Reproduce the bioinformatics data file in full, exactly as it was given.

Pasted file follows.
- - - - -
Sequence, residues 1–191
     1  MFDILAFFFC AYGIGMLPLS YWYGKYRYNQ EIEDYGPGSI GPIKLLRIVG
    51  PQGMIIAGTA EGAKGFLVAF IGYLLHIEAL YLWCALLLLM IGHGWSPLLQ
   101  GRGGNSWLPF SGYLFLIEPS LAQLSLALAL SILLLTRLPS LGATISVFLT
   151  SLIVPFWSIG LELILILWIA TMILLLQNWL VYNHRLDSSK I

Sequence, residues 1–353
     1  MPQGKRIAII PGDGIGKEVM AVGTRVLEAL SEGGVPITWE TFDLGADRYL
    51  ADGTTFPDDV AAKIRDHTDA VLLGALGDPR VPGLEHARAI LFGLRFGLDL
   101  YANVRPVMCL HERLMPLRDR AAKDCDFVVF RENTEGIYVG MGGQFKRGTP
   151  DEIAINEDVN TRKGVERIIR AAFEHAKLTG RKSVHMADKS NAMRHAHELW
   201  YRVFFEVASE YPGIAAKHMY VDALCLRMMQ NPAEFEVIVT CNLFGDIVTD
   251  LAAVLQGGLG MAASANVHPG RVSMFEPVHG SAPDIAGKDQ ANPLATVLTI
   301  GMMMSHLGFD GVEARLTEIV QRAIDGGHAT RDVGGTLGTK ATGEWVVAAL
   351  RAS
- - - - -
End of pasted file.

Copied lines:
Sequence, residues 1–191
     1  MFDILAFFFC AYGIGMLPLS YWYGKYRYNQ EIEDYGPGSI GPIKLLRIVG
    51  PQGMIIAGTA EGAKGFLVAF IGYLLHIEAL YLWCALLLLM IGHGWSPLLQ
   101  GRGGNSWLPF SGYLFLIEPS LAQLSLALAL SILLLTRLPS LGATISVFLT
   151  SLIVPFWSIG LELILILWIA TMILLLQNWL VYNHRLDSSK I

Sequence, residues 1–353
     1  MPQGKRIAII PGDGIGKEVM AVGTRVLEAL SEGGVPITWE TFDLGADRYL
    51  ADGTTFPDDV AAKIRDHTDA VLLGALGDPR VPGLEHARAI LFGLRFGLDL
   101  YANVRPVMCL HERLMPLRDR AAKDCDFVVF RENTEGIYVG MGGQFKRGTP
   151  DEIAINEDVN TRKGVERIIR AAFEHAKLTG RKSVHMADKS NAMRHAHELW
   201  YRVFFEVASE YPGIAAKHMY VDALCLRMMQ NPAEFEVIVT CNLFGDIVTD
   251  LAAVLQGGLG MAASANVHPG RVSMFEPVHG SAPDIAGKDQ ANPLATVLTI
   301  GMMMSHLGFD GVEARLTEIV QRAIDGGHAT RDVGGTLGTK ATGEWVVAAL
   351  RAS